ChiPy Mentorship Week 2: High Level Overview of Machine Learning

So, I am coming to the end of my second week of teaching myself Machine Learning. So far I am trying to get the higher level concepts down. I recently signed up for a new Coursera course called Machine Learning Foundations: A Case Study Approach.  The class is hosted by the University of Washington. The course instructors do a pretty good job of explaining the concepts. The down side is they use a proprietary python library called GraphLab by Dato which is free for the students. But it puts a black box on some of the machine learning techniques.

What I’ve learned so far?

Machine learning falls into two main categories which are supervised and unsupervised learning. Supervised learning is the machine learning task of creating predictions from a data set. Supervised learning is fairly common in classification problems.

Example supervised learning problems are:

A credit card company deciding whether or not to accept an applicant based on certain characteristics.

Who is most likely to survive the titanic crash? https://www.kaggle.com/c/titanic

Finding the worth of your house?

In Unsupervised learning the goal is to extract structure from data. We are basically telling the computer to learn something about data that has unknown class labels.

Examples of Unsupervised Learning:

Figuring out if a person’s yelp review is good or not based text (Sentiment Text Analysis) http://www.yelp.com/dataset_challenge

Google News grouping similar types of news stories

Under these two categories there are machine learning algorithms associated with them.

Supervised Learning Unsupervised Learning
Regression Clustering
Classification Dimension Reduction

 

 

Machine Learning Work Flow

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This is one of the most famous machine learning algorithm  cheat sheets  that I know about.

 

 

Chi Py Mentorship Program Day 2: Setting Up a Python Dev Environment on the cloud 9

What is Cloud 9?

Cloud9 is a cloud service that allows you to create an Ubuntu work space with a snazzy code editor in the cloud. So if you want to quickly create a small app to be shown on your portfolio without paying a money for hosting space Cloud9 is just for you. With the free version of Cloud9 there are you get 512 MB of memory and 1GB of disk space which is not a lot. Lucky for us Anaconda has a mini version of itself called Miniconda which does not contain 300 python packages as Anaconda.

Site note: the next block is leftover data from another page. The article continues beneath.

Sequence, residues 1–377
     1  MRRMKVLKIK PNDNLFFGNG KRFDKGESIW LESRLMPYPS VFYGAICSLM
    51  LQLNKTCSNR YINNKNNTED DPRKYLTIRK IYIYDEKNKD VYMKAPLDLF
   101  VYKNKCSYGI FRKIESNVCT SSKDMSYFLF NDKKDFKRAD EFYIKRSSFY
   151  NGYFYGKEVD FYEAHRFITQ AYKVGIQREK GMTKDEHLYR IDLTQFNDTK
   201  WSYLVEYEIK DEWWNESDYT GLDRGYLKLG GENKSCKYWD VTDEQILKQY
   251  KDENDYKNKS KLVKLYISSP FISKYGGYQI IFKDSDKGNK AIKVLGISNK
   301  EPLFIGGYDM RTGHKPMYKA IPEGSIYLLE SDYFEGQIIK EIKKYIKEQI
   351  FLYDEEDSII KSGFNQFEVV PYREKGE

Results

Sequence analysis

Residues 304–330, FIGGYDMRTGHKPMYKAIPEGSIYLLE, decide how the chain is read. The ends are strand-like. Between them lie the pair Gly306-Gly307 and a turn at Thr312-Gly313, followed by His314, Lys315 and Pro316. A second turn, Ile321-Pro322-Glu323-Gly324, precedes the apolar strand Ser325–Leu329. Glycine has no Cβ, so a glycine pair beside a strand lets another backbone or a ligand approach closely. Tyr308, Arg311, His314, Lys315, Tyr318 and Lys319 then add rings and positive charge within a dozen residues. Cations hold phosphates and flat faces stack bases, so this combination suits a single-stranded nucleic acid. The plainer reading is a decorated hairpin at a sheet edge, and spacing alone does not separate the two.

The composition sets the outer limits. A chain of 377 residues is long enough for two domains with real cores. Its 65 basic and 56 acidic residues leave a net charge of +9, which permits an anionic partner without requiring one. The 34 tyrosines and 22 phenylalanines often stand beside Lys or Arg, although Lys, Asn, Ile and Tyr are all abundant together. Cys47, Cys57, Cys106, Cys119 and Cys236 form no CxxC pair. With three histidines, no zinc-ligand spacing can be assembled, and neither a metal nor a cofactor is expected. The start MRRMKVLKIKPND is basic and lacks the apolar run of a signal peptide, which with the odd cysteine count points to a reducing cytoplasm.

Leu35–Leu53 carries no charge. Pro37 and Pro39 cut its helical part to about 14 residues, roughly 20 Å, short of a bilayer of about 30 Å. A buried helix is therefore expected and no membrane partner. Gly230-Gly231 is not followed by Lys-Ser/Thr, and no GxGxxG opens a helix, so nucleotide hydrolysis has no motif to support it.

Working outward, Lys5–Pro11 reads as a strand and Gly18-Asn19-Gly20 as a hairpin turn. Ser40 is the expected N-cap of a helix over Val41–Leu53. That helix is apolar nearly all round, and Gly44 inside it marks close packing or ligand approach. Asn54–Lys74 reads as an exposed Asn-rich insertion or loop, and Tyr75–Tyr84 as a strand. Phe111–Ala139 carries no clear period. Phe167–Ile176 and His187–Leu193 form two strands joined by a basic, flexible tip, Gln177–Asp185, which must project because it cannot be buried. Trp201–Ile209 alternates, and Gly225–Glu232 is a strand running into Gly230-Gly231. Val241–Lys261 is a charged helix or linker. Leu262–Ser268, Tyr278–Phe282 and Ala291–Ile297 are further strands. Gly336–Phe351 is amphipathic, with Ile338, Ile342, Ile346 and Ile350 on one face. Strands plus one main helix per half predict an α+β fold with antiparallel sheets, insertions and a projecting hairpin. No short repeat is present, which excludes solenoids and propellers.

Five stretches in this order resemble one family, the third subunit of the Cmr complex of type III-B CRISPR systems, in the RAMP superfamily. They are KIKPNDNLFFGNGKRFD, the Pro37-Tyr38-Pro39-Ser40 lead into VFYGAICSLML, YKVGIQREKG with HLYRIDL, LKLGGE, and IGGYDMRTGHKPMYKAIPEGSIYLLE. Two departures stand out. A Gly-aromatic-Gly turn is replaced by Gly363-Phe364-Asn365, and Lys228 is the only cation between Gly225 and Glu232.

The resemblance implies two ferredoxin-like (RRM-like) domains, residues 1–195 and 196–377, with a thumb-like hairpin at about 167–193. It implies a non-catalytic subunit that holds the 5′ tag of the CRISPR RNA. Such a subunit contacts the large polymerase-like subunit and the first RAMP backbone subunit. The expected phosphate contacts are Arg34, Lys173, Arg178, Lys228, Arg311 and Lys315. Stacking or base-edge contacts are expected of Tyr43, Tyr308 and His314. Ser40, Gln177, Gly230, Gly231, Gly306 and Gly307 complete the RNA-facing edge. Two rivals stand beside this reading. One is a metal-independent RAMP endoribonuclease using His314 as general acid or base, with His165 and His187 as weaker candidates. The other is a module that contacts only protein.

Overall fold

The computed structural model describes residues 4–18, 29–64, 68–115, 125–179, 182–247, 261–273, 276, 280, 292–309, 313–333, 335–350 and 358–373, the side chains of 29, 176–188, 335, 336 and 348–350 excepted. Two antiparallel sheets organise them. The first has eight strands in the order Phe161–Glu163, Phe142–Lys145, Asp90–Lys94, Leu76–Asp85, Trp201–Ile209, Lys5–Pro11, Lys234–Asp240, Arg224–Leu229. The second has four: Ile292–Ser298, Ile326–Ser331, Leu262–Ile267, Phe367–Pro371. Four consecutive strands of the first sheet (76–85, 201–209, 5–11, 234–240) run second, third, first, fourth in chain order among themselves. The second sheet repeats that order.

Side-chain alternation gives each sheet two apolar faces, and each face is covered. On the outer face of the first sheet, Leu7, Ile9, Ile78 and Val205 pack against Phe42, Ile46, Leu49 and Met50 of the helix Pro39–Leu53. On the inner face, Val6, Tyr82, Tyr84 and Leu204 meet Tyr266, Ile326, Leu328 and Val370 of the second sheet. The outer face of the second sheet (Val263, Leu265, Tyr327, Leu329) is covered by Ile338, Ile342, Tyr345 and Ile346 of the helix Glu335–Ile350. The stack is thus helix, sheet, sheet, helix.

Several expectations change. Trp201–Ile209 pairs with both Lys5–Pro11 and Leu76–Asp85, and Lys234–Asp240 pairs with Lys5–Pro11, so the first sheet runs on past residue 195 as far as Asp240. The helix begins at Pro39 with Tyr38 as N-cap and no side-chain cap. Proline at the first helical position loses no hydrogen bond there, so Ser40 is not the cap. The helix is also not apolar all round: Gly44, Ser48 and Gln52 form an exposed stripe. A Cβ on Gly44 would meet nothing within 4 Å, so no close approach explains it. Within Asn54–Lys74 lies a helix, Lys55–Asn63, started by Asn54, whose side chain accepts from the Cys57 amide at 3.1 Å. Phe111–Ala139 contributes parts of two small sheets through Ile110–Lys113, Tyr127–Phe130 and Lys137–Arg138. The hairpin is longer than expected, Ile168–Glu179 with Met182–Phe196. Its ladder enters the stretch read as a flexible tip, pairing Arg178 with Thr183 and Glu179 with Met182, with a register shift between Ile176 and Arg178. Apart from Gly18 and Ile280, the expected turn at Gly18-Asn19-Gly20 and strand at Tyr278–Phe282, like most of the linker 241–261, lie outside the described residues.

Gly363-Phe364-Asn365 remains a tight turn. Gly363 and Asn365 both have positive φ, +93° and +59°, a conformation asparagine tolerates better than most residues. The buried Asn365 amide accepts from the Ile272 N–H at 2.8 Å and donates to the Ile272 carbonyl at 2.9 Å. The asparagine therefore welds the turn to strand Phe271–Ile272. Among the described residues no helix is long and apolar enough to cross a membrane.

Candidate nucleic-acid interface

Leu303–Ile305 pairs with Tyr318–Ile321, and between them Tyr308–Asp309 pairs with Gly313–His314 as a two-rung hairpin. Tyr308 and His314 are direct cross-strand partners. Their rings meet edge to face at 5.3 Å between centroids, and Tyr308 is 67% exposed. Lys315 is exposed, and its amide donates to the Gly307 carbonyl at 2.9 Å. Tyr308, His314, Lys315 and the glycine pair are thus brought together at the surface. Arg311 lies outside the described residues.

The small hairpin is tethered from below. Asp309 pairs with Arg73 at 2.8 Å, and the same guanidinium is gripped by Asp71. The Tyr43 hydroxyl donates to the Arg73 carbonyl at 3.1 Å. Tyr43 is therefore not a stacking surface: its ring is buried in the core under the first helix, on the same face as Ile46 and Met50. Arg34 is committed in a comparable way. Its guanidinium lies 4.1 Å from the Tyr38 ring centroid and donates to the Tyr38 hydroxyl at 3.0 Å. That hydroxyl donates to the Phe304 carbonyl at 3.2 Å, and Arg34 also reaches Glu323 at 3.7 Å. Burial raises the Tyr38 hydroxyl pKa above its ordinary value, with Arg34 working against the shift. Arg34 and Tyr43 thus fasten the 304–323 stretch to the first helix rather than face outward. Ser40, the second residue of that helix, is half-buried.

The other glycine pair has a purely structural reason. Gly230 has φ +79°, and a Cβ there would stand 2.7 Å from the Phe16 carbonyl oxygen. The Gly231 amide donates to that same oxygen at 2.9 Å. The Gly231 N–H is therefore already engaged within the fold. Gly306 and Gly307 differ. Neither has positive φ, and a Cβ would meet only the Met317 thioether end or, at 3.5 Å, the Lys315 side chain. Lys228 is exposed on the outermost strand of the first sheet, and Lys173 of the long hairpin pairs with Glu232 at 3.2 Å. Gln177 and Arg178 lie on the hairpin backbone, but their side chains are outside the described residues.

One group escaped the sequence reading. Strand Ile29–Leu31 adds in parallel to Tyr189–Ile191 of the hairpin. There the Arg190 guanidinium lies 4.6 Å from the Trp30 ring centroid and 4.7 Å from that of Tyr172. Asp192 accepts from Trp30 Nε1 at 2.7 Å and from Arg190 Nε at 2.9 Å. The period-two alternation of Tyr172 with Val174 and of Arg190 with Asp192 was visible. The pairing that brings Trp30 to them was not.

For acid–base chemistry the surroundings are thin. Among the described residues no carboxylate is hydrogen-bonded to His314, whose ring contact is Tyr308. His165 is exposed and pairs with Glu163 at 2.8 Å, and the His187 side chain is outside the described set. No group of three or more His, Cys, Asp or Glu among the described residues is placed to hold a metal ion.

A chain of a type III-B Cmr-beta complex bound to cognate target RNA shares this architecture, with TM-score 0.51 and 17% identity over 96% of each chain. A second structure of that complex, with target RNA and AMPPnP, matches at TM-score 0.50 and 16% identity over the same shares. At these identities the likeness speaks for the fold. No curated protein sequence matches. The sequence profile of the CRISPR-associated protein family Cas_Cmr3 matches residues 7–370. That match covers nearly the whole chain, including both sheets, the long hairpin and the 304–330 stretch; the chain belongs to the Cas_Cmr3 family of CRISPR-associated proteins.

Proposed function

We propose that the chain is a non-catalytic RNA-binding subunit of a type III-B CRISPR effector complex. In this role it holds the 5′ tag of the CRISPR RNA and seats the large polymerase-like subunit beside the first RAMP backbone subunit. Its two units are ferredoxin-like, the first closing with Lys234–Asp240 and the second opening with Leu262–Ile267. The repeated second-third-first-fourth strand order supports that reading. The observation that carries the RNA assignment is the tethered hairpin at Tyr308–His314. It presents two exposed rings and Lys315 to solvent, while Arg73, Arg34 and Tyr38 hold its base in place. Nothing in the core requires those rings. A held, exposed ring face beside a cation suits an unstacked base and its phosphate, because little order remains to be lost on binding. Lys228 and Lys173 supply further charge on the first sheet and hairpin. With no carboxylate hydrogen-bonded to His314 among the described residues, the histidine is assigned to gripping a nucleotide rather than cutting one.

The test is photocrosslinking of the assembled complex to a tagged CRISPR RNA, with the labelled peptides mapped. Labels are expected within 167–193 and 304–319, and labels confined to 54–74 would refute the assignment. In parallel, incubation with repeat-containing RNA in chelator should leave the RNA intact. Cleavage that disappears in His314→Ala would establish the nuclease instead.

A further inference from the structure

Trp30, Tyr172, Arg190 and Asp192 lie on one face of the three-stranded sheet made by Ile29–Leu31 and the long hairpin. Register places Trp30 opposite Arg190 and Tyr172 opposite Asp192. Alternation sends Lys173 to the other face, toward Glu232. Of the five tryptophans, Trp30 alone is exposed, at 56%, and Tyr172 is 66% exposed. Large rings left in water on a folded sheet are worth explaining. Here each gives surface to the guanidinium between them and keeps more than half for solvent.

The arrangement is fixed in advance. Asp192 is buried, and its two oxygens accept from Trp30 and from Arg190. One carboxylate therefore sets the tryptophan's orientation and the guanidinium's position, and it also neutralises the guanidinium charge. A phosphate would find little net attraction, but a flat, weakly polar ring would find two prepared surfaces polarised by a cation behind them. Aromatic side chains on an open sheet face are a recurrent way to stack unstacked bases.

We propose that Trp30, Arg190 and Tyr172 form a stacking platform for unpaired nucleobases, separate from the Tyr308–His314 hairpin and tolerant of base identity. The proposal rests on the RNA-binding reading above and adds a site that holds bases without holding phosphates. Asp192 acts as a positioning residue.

Step One Create a Workspace

create_workspace

Name your workspace and choose the custom Ubuntu template.

custom

Scroll down to the lower left corner and press the green create workspace button

 

Step Two- Download Mini Anaconda

 

minicoda

Right click the link for the Ubnutu 64 downloads for the version of python you want to work with.

 

linux

wget https://repo.continuum.io/miniconda/Miniconda3-latest-Linux-x86_64.sh

 

 

Step Three-Installation

To install it in the shell by using this command

bash Miniconda3-latest-Linux-x86_64.sh

After accepting all the terms from the licensing agreement.

Step 4-Python Package downloads

Download python packages

conda install package-name

For Example

conda install numpy

*Note to use IPython use the command

ipython notebook --no-browser --port=8080 --ip=0.0.0.0

 

Make sure you have the –no-browser  command because it will try to look for a viable browser to load IPython. In order to see your notebook open up a new browser and load the url  http://{workspace}-{username}.c9.io/ .

And that’s that.

 

Chi Py : Intro to Data Science Mentorship week 1

So I met my mentor for the Chi Py (Chicago Python) group Intro to data science mentorship earlier this week and he is pretty awesome. His name is Alexander Flyax (@aflyax).  Alexander has a degree in Neurology and did two Post Doc appointments in the past. He also went through the Chi Py mentorship as well. During our first meeting he gave me a long list of resources to get through by the end of 12 weeks. And I’m like…

But as a person who is currently unemployed and has no potential job prospects all I can say to myself is …

Here is the game plan for my first week.

Tasks Day
Setting up Data Science Environment
DataQuest exercises for 2.5 hours
Day 1
DataQuest exercises for 2.5 hours
R Bloggers 15 hour Data Science Course for 3 hours
Days 2-7

By the end of this week hopefully I will figure out a project to focus on throughout this journey.

ChiPy Mentorship Oct-Dec 2015

I know that I have not been on my blog for a very long time (8 months to be exact). But after graduating from my Masters program and dealing with the soul crushing task of job hunting and interviews I finally have a bit of good news. I just got accepted to be apart of the Chicago Python (ChiPy) Mentorship Program.This program will be 12 weeks long and I am going to  be apart of the Introduction to Data Science Track. I can’t wait for what the future holds. 🙂